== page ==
Thursday, May 30, 2019


MONTREAL, QC – Inclusion Canada is alarmed by the public and legal response to Michel Cadotte’s killing of his spouse of 19 years, Jocelyne Lizotte. In February of 2017, Mr. Cadotte pressed a pillow over his wife’s face until she stopped breathing. This week, he was sentenced by the Quebec Superior Court to two years less a day for his conviction for manslaughter, a distressingly lenient sentence for the severity of his crime.

Jocelyn Lizotte had Alzheimer’s disease at the time of her death. Her illness became her defining feature both in the case and in the media response to it. Reaction to her death epitomizes the devalued position of persons with disabilities in Canada. Michel Cadotte served as a caregiver to Jocelyn, and this role was a critical factor in determining his sentence.

“Being a caregiver does not give Mr. Cadotte the right to end a life,” shared Joy Bacon, Inclusion Canada President, “it’s shocking that people are sentenced to similar periods for significantly lesser crimes like theft from an employer or refusing to blow into a breathalyzer.”

Portraying the lives of persons with disabilities as dispensable perpetuates their devaluation in Canadian society. The media painted Mr. Cadotte as a victim, suggesting that the burden of care drove him to murder his wife; they put his best interests at the centre of the debate. In reality, their misplaced sympathy dehumanizes individuals with disabilities by ignoring their legal right to life. If Jocelyn Lizotte did not have Alzheimer’s disease, the media would portray Mr. Cadotte in an entirely different light.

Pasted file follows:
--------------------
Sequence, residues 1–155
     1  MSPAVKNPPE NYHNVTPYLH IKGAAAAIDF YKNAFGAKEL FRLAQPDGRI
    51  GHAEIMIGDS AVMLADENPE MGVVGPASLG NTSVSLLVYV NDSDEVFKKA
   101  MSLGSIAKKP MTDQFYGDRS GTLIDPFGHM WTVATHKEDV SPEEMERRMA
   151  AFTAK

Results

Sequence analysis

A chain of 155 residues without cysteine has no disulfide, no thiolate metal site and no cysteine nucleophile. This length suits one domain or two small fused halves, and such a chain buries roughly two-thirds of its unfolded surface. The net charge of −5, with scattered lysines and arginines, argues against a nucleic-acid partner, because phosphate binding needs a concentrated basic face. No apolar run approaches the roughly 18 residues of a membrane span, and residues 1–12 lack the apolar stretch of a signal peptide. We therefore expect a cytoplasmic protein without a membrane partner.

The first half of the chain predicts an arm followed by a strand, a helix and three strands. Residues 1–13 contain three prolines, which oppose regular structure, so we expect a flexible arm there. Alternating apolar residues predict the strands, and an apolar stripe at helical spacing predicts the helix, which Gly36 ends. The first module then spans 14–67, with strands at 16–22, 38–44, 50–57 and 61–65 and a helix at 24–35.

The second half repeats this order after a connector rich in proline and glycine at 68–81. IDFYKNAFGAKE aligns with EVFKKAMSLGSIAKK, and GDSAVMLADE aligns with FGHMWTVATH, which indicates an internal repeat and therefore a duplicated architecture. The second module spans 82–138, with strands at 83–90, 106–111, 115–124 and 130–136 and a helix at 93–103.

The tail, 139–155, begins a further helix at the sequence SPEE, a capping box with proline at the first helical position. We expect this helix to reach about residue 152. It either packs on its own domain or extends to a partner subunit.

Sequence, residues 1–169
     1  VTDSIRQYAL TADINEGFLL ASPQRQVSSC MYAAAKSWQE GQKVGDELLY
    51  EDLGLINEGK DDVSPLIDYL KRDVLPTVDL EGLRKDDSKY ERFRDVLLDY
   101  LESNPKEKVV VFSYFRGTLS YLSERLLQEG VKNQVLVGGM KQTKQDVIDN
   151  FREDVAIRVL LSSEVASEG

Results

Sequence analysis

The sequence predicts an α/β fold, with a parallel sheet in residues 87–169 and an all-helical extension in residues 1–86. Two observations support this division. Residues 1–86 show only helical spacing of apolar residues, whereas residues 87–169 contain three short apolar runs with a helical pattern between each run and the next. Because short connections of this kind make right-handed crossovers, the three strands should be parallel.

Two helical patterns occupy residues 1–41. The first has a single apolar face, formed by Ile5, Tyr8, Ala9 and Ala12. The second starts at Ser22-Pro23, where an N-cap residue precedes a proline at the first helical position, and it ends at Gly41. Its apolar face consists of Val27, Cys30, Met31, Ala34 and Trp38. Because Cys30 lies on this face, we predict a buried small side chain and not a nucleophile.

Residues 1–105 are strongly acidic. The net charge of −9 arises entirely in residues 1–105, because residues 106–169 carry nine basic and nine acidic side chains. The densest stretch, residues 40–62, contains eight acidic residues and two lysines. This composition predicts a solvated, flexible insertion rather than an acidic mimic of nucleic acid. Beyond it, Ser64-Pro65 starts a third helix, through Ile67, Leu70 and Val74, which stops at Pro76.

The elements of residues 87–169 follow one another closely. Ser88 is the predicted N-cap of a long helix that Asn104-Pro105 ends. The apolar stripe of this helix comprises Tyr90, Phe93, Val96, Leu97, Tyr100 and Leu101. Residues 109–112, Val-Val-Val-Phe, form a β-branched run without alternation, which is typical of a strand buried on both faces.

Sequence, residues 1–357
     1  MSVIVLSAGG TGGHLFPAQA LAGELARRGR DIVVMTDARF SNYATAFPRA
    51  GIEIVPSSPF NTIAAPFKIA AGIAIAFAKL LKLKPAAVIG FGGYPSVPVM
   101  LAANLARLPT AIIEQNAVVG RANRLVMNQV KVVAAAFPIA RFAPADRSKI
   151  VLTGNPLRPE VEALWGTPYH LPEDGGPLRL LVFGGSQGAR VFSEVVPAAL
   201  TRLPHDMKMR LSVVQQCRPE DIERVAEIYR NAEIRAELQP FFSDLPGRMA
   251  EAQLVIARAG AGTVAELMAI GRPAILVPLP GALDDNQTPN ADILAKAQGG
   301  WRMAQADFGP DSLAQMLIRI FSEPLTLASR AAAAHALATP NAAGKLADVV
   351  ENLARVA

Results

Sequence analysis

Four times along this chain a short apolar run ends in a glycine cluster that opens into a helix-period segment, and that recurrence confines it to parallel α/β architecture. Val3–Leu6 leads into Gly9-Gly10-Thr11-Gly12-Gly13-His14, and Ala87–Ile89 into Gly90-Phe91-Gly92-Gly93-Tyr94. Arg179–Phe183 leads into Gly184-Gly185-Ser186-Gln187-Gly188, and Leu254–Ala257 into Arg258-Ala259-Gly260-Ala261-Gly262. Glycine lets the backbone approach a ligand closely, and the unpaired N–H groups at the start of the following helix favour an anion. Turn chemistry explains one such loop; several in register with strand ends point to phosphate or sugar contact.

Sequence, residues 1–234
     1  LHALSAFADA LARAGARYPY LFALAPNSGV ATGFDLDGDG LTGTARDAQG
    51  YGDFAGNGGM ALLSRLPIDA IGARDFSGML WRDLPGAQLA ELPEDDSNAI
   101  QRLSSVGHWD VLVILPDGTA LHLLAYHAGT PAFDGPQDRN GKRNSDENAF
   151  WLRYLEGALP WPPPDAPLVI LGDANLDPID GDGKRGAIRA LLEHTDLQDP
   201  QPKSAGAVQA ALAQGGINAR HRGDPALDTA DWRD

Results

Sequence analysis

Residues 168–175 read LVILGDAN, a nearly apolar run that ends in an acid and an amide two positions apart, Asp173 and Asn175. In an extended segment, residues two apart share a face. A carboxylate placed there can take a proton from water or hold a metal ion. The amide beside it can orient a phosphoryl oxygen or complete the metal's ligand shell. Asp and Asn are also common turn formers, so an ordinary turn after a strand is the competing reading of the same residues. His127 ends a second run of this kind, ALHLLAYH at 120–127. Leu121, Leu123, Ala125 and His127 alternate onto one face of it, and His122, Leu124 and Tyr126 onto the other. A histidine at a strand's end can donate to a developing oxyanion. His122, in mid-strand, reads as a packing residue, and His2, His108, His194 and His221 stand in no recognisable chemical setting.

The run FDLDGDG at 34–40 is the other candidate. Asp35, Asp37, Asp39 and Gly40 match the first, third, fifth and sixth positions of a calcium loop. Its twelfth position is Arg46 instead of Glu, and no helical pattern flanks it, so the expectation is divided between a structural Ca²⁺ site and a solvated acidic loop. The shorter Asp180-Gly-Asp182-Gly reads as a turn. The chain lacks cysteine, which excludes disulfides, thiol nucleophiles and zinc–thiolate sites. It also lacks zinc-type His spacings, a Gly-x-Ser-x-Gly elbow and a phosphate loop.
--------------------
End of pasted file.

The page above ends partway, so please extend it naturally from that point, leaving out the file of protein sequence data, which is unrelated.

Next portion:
The United Nations Convention on the Rights of Persons with Disabilities (CRPD), signed and ratified by Canada, recognizes the equal rights of persons with disabilities in international law, including the right to life on an equal basis with other without discrimination based on disability. In Canada, beyond Canada’s obligations under the CRPD, the right to life is enshrined in section 7 of the Canadian Charter of Rights and Freedoms.

“The right to life means that the lives of persons with disabilities, including persons who have Alzheimer’s, are just as valuable as those of any other human being,” stressed Krista Carr, Executive Vice-President of Inclusion Canada. “Ms. Lizotte clearly did not enjoy the right to life on an equal basis with others, and neither the courts nor the media appear to believe she deserved that protection.”

Canadian courts must uphold the legally-recognized rights of all persons like Jocelyn Lizotte – in particular, her right to life, liberty and security. We urge the media outlets to refrain from further stereotyping people living with significant cognitive or other disabilities, as this contributes to legal and social justifications for terminating their lives.

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Media Contact: Marc Muschler, Senior Communications Officer, Inclusion Canada,

Inclusion Canada is composed of ten provincial and three territorial associations, with over 400 local associations spread across the country and more than 40,000 members. Inclusion Canada leads the way in helping Canadians build an inclusive Canada by strengthening families, defending rights, and transforming communities into places where everyone can belong.